CALGARY -- City council approved a multi-million dollar plan to kickstart the revitalization of the downtown core Monday.

Council voted in favour of an initial $200 million to get the project off the ground. The city’s planning and urban development committee has already endorsed the plan.

The $200 million will be a down payment on the city's Greater Downtown Plan, in an effort, the city said in a release, to pivot downtown Calgary "from vacancy to vibrancy."

“It's really important for Calgarians to know, we have lost $16 billion in assessed value in our downtown, which is equated to more than $250 million in operating budget," said Ward 8 councillor Evan Woolley, whose ward encompasses most of the core. “So for every dollar value that we create back into the downtown, that's less residential and commercial taxes that have to be paid outside the downtown core. And so it's really important for us as a whole city to invest in our downtown.”

Presently 32 percent of Calgary‘s downtown office space sits vacant. That is expected to rise to 35 percent by the end of 2021.

"We need to create an even-more thriving downtown community that moves beyond the traditional office-based downtown central business district and instead is a dynamic, vibrant 24/7 centre of our city," said Mayor Naheed Nenshi. "This means taking bold action and making intentional investments in public spaces, supporting vibrant neighbourhoods, and ensuring we continue to create a downtown that people want to live and work in."


Some office space in downtown Calgary is already being converted to residential. Sierra Place at 706 7th Avenue is being redeveloped into a 108 unit affordable housing complex by the non-profit agency Homespace.

“We hope this will spark, you know, interest in doing different types of conversions, and using the existing office space in the core in different ways, “ said Bernadette Majdell Homespace CEO. “The downtown plan, presented today (April 26) to council really offers a lot of different options for the conversion of office space, and this just being one of them. So we're really excited, we hope that it'll create a spark of what's possible in the downtown core.”

Converting some of the unused office space to affordable housing isn't a new idea. In February, a report issued by the University of Calgary School of Public Policy pointed to it as one tool to help ease the downtown vacancy issue.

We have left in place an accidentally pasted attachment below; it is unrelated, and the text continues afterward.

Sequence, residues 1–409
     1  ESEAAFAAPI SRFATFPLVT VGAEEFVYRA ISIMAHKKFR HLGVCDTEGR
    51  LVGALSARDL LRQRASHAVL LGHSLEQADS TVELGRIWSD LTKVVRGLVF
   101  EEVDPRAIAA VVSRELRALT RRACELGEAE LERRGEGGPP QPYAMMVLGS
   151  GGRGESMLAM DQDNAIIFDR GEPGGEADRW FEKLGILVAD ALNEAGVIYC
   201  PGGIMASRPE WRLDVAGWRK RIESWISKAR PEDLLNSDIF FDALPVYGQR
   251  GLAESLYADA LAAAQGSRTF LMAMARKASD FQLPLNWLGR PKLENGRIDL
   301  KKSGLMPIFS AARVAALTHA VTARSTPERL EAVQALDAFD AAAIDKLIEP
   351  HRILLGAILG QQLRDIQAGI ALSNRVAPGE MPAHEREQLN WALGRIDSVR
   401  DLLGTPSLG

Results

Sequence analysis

“Not everyone has the ability to drive a vehicle, so they want to be located next to transit, and next to other things. I think having that range of different incomes that can live in that area is important," said Jenna Dutton, the report's co-author. “That’s something we don't really have right now. We have affordable housing or some housing in pockets of the downtown, but it's mostly market rate.”

The money would come from funding from several avenues including:

  • $60 million from the Budget Savings Account;
  • $63 million from the Fiscal Stability Reserve; and
  • $77 million from the Canada Community Building Fund subject to receipt of the 2021 increase.

The proposal earmarks $45 million from the first phase of funding as incentive for office space redevelopment, potentially for housing.


City councillors are betting that by creating a hip, modern downtown with living spaces, recreation, and performance facilities will attract new businesses to the core.

That “if you build it they will come” attitude is not shared by everyone.

“I think we could use a few more people living in the downtown core. But that (the city plan) is a complete rejig, in that the people living there will require some shopping places to get groceries, and restaurants and things like that. So I think it's a good thing, initially, but it's not the only cure," said CBRE managing director Greg Kwong “The root of the problem of all of this, COVID-19 aside, is unemployment. We've got a high unemployment rate and death rate and Calgary has typically enjoyed a very low unemployment rate."

Two other major investments include the allocation of $80 million of funding for Phase 1 of the Arts Commons transformation and $55 million for the Downtown Vibrancy Capital Program.

The 10-year-plan will focus on Downtown West, the Downtown Core, Eau Claire, Chinatown, East Village and the Beltline.